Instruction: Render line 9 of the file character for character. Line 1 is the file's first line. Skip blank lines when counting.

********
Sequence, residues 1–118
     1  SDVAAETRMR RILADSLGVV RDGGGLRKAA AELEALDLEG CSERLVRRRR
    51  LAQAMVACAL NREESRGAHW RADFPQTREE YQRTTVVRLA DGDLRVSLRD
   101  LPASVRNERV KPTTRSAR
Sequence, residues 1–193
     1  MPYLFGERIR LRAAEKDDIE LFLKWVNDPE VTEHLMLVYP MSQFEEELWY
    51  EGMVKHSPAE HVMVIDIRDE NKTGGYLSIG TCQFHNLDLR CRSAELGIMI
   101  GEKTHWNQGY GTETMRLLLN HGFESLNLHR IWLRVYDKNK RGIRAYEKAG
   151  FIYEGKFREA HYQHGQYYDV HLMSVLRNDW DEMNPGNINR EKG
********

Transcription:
   151  FIYEGKFREA HYQHGQYYDV HLMSVLRNDW DEMNPGNINR EKG